Home oxygen use unrelated to readmission risk in preemies with bronchopulmonary dysplasia
Home use of oxygen does not appear to amplify the risk of readmission for preterm infants with bronchopulmonary dysplasia (BPD), a recent study has shown.
The study included 3,574 preterm infants born <32 weeks of gestation. All participants had been diagnosed with BPD, and those with anomalies or tracheostomies were excluded. The primary outcome of interest was readmission by 1 year of corrected age. Readmission duration and mortality were set as secondary outcomes.
More than half of the participants were discharged with home oxygen and 34 percent (n=1,223) needed to be readmitted to a hospital by 1 year of corrected age. Factors associated with readmission included earlier gestational age, more ventilator days, BPD severity, patent ductus arteriosus ligation and having a gastrostomy tube, among others.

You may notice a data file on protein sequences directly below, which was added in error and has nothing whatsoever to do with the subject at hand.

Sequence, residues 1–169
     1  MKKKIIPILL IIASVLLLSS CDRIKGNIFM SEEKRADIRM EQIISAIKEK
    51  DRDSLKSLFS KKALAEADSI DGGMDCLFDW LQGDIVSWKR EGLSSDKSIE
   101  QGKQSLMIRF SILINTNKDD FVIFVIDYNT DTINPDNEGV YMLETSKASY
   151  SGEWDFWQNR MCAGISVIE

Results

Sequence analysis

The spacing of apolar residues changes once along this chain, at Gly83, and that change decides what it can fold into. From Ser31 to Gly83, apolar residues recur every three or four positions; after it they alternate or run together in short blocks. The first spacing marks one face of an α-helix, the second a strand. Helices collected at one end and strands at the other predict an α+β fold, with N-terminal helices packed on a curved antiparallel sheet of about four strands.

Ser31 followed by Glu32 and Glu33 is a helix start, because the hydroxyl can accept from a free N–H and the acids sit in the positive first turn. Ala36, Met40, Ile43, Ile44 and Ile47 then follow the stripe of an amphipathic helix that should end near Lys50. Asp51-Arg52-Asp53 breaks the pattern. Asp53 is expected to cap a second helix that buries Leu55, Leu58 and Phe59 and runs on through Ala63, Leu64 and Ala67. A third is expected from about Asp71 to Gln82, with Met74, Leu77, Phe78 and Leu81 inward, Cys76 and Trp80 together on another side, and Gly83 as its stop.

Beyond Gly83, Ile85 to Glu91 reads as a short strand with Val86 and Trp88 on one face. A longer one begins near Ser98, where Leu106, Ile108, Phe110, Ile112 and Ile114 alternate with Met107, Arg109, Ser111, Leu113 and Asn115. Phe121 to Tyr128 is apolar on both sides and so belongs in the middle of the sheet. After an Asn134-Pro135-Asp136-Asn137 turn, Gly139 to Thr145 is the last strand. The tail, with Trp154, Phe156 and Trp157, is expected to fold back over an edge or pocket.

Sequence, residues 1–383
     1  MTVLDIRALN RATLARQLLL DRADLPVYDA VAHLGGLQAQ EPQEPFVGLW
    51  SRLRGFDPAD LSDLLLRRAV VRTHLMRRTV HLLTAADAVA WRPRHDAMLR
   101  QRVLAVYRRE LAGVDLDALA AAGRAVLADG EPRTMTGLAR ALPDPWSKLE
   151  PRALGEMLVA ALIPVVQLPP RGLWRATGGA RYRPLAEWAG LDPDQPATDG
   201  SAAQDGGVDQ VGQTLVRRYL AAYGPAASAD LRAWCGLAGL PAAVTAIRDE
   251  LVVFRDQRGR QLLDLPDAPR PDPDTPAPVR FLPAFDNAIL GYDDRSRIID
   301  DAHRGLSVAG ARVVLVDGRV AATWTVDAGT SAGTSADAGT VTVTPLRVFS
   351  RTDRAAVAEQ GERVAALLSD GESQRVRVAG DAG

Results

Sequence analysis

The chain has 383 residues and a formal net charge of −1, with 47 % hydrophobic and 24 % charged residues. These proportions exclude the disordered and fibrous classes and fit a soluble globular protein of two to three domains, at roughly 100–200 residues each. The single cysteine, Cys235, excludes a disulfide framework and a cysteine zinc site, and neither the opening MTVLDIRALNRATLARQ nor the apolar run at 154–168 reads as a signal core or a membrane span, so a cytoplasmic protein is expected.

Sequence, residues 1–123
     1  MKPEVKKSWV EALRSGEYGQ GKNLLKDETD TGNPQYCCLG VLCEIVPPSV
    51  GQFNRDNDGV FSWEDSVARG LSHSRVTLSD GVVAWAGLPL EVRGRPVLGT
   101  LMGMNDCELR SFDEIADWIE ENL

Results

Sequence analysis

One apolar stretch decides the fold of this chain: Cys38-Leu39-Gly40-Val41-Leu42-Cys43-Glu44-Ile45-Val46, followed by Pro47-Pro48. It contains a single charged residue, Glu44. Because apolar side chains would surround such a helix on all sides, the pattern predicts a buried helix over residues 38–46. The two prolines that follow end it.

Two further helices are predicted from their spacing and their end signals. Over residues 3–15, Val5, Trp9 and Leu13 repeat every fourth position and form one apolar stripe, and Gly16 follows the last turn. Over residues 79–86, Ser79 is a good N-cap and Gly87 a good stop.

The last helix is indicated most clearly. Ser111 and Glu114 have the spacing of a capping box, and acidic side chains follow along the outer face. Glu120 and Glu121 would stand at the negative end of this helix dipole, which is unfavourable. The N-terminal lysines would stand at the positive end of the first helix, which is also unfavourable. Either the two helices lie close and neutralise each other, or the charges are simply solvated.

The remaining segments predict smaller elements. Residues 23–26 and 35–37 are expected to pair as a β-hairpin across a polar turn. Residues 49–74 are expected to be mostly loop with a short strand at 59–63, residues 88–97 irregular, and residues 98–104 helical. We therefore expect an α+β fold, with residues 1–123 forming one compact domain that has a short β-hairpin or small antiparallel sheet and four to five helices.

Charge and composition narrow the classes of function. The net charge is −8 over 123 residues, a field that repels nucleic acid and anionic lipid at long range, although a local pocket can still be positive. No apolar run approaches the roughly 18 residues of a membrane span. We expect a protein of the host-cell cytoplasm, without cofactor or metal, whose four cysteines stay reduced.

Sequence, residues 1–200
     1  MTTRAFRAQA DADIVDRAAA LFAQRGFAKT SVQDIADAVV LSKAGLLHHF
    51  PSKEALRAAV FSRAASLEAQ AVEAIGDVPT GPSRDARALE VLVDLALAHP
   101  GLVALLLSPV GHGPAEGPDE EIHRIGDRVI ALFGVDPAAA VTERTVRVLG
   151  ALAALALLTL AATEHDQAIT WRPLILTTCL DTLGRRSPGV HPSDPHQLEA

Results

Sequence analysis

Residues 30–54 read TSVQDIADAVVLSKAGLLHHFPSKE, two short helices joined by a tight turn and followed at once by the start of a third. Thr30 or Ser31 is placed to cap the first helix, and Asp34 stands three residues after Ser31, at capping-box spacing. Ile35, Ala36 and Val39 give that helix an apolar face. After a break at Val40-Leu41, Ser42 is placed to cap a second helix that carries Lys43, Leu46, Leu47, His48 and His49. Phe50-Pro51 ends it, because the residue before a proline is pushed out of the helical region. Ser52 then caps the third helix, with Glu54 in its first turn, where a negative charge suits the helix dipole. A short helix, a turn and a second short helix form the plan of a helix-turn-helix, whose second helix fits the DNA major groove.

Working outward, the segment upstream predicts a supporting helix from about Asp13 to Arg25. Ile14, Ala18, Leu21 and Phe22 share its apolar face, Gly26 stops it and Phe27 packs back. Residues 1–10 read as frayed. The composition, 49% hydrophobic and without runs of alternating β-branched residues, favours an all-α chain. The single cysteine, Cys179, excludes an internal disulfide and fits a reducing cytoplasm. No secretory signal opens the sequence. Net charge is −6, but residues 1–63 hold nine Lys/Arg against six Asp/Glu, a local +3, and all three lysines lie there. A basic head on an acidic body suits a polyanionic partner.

Multivariable analysis found that while home oxygen use was a potential risk factor for readmission, it failed to reach statistical significance (odds ratio [OR], 1.2, 95 percent confidence interval [CI], 0.98–1.56; p=0.074). It was also unrelated to the secondary outcome of total readmission days (OR, 1.0, 95 percent CI, 0.82–1.18; p=0.871).
“Despite significant variation across children’s hospitals in the use of home oxygen, we found no association between center use of home oxygen and readmission risk; however, readmissions for infants discharged with home oxygen were more likely to be coded as BPD without differences in other respiratory, infectious or cardiovascular codes,” researchers said.